Now, in virtual desktop world, we would not leave this to chance, and would want to ensure that the display protocol is loaded as little as possible. This leaves a big opportunity for us to tune the visual effects.

In a Windows 7 optimisation guide published by Microsoft, one of the options recommended is to tune the Visual Effects settings.

So, what are the settings I would recommend for a VMware View virtual desktop deployment? I have 2 answers.

  1. If users are keen to go all out for the most optimised Windows desktop; I would choose Adjust for best performance. This essentially turns off everything, which also reverts Windows 7 to look a bit like Windows XP (as some would put it).
  2. I have some users (including myself) who would really like to optimise everything, but still maintain at least a Windows 7 look to the desktop. In this case, we have to opt for a Custom selection where everything but Use visual styles on windows and buttons, has to be disabled.

Now, if the choice is #2, there is one more thing to watch out for. Part of  the VMware Windows Optimisation guide actually recommends disabling the Windows Themes service. We have to keep the service running in order for Windows 7 desktop to keep its look.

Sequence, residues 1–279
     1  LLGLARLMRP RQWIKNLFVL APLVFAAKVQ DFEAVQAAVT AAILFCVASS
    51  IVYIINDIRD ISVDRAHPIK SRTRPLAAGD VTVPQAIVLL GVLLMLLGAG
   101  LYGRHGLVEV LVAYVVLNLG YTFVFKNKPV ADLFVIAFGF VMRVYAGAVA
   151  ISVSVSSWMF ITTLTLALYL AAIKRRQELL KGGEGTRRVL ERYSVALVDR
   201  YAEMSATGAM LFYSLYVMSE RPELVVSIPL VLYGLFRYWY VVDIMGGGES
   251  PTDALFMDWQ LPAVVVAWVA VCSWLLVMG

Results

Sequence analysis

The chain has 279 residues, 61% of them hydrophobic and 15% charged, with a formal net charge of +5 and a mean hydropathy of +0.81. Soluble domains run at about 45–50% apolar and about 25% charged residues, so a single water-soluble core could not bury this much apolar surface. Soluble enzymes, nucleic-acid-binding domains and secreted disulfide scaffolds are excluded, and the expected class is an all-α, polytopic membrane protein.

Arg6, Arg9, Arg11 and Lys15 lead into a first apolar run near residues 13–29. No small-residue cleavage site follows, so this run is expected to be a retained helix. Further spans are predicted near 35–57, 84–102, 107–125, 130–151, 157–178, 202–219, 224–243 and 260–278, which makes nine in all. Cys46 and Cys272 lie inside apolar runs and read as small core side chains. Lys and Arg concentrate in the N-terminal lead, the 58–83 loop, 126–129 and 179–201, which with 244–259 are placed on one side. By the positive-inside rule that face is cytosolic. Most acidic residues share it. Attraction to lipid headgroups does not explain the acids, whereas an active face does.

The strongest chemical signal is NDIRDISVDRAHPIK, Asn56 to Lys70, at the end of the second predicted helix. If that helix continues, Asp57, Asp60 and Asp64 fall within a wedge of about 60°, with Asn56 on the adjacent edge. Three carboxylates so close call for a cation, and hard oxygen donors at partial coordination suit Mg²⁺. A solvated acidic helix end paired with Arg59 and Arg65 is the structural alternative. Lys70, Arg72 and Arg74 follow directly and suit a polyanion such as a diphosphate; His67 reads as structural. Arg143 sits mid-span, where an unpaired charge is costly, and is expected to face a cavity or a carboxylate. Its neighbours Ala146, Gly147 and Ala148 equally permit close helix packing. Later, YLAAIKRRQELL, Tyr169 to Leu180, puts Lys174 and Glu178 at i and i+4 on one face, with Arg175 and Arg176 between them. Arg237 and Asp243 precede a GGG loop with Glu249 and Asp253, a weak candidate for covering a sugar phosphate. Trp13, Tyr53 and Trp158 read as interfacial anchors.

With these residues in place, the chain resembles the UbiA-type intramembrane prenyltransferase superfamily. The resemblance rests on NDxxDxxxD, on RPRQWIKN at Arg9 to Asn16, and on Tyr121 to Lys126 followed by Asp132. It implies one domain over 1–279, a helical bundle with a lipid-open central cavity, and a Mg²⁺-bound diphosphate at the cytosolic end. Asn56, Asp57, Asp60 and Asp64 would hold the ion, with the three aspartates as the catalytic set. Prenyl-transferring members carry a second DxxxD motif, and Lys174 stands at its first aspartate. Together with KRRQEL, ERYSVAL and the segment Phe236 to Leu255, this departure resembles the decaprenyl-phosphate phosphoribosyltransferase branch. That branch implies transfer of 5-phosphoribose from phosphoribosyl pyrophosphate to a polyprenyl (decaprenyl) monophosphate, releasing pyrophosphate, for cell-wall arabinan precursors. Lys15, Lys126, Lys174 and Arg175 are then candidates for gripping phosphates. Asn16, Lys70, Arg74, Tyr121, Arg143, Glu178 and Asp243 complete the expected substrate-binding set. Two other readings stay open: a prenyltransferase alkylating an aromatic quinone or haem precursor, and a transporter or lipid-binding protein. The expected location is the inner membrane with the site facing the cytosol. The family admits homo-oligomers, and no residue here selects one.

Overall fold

Now, we know what we want to achieve, question now is how it can be done?

This is a tricky one as it is a user based configuration, and not quite something that you can update via changes to a parent desktop image. Well, yes we can update the default user profile in Windows 7, but these settings will only be made default for users who are getting their profile created for the first time on log on. So, for users who already have existing profiles, such a change will not impact them. Additionally, even if new users are being created with an altered default settings, they can probably still have the ability to change it.

Group_Policy_PreferencesSo as with all things to be “forced upon” the users, the most effective way is to apply this via a GPP (Group Policy Preferences). This can only be done from Group Policy Management on a Windows 2008 server, and is not found on the local group policy editor (gpedit.msc). Create a new or update an existing GPO as normal, and edit it.